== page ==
Sunday, December 29, 2019

HAPPINESS RE-EXAMINED

by Chris Goff

“The thing about happiness is you can define it by saying, you’re happy when you wouldn’t want to be anywhere else doing anything else.” – Robert Egelstaff, kayak guide and poet

Traveling makes me happy. It also makes me feel youthful, like a child soaking up every new experience. New landscapes and cultures color the world differently, pushing me to test my boundaries, and in the chaos of exploration comes new ideas. I am filled up, regenerated and reenergized.

Antarctica

On November 26th, my husband and I embarked on a trip of a lifetime. We knew we would have little or no telephone availability and expensive and sketchy WiFi at best. For all intents and purposes, we would be off the grid, unplugged, free.

Like all great adventures, ours started with a challenge. A major snowstorm bearing down on Denver forced us to leave a day early. No problem. With a phone call or two, we were able to arrange for an extra night at the hotel and a car to pick us up at the airport in San Antonio, Chile.

Problem: we arrived just in time for the riots. The protests, as locals like to call them, had fires burning in the streets, police in riot gear racing around at high speed, and no ships in a holding pattern outside of the harbor. At our hotel, we were the only guests, the restaurant was closed, the grounds locked down and only a skeleton staff of one present.

By morning things had calmed down, we were able to eat and the staff was back, assuring us the trouble was over. “Today there will be no problems. The protestors are going somewhere else, and they never march before 5:00 p.m.” Scheduled riots! Who knew?

The Adventure Begins

We sailed on the Seabourn Quest. We’d chose the line because of the deal they were offering at the time of booking AND because they were one of the only cruise lines offering landings on the continent as part of their package. Where most cruise lines cruised by, Seabourn had a staff of 24 expedition guides (experts in various areas, including but not limited to glacier experts, kayak experts, ornithologists, biologists, whale experts, historians….), and a contingent of 12 Zodiac boats and 10 kayaks. Every day there were presentations on where we were going, the wildlife we’d be seeing, and those who had gone before.

Colin O’Brady, the first man to complete an unsupported and completely human-powered solo across Antarctica, joined us for several days and told us what it was like pulling a 300+lb sled across the continent. Battling windchill as low as -80 degrees, paralyzing whiteouts and extremely high winds, he completed his historic 930-mile walk in 54 grueling days. Currently, he’s rowing a boat with 5 other men across the Drake Passage. Certifiable!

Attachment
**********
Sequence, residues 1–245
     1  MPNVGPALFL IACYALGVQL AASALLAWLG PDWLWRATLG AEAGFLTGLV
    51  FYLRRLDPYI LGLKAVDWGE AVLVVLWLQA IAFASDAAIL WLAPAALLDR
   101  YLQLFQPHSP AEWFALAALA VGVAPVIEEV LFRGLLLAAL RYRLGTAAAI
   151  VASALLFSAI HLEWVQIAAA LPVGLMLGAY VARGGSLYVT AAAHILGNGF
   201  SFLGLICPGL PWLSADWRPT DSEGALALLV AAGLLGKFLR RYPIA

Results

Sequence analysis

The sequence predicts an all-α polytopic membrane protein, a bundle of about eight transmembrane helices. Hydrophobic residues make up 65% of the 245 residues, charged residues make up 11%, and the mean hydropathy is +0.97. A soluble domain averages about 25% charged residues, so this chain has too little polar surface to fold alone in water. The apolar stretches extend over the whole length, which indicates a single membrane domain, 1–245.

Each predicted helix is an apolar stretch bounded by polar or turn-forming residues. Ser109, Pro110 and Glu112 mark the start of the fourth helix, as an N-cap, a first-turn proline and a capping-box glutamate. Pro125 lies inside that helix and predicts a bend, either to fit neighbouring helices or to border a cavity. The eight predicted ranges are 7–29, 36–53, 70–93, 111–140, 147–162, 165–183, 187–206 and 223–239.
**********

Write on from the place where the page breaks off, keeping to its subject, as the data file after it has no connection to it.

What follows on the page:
In juxtaposition to Colin’s suffering, we were traveling in the lap of luxury. Large suites with walk in closets and bathtubs. Large verandas. An outdoor pool with three hot tubs. Four restaurants serving a gluttonous amount of food, free flowing beverage service, a full spa, and nightly entertainment. There was even a bridge club and daily High Tea service.

We began our journey in San Antonio, Chile visiting several cities along the coast of Chile, cruising in the shadows of extinct and active volcanoes, up through the Strait of Magellan within touching distance of El Brujo glacier and through the Beagle Channel. Then, after spending a night in Ushuaia, Argentina, pinned to the dock by 70 knot winds, we set sail for Antarctica. 12 hours behind schedule, we entered the Drake Passage, a 600 mile stretch of water between Cape Horn at the tip of Argentina and Antarctica. The Drake is where the Pacific meets the Atlantic, and it’s known as the most dangerous and treacherous sea passage on Earth.

Welcome to “Drake Lake.” At most we experienced 6-foot swells. I had taken Dramamine for no reason.

Antarctica

After circling a gigantic iceberg, we navigated the Nelson Strait of the South Shetland Islands and headed along the west coast of the Antarctic peninsula to Deception Island. Considered one of the safest harbors in Antarctica, it is in fact a caldera rimmed by an active volcano that last exploded, without warning, in 2015. The geologist’s excitement and enthusiasm was contagious. We had arrived.

Later that evening came the first of eight “expedition briefings.” We were told the protocol for boarding and disembarking the Zodiacs. We learned the sailor’s grip (hand to wrist), the disinfectant protocol (so as not to contaminate pristine areas). We learned the rules. “Now, I know many of you are Navy Seals,” Lucqui, the expedition leader, began. “But...”

Day 1- Cierva Cove